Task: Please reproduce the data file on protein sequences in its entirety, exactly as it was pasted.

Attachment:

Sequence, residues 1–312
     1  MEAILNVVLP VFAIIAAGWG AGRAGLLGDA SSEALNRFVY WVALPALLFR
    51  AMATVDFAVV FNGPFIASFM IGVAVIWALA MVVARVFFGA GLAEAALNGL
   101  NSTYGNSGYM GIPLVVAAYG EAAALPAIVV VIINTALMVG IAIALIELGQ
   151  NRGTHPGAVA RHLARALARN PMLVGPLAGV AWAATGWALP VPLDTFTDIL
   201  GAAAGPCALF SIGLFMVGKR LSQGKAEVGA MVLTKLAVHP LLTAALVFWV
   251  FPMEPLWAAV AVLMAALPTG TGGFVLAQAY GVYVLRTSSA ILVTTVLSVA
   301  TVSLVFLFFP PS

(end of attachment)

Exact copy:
Sequence, residues 1–312
     1  MEAILNVVLP VFAIIAAGWG AGRAGLLGDA SSEALNRFVY WVALPALLFR
    51  AMATVDFAVV FNGPFIASFM IGVAVIWALA MVVARVFFGA GLAEAALNGL
   101  NSTYGNSGYM GIPLVVAAYG EAAALPAIVV VIINTALMVG IAIALIELGQ
   151  NRGTHPGAVA RHLARALARN PMLVGPLAGV AWAATGWALP VPLDTFTDIL
   201  GAAAGPCALF SIGLFMVGKR LSQGKAEVGA MVLTKLAVHP LLTAALVFWV
   251  FPMEPLWAAV AVLMAALPTG TGGFVLAQAY GVYVLRTSSA ILVTTVLSVA
   301  TVSLVFLFFP PS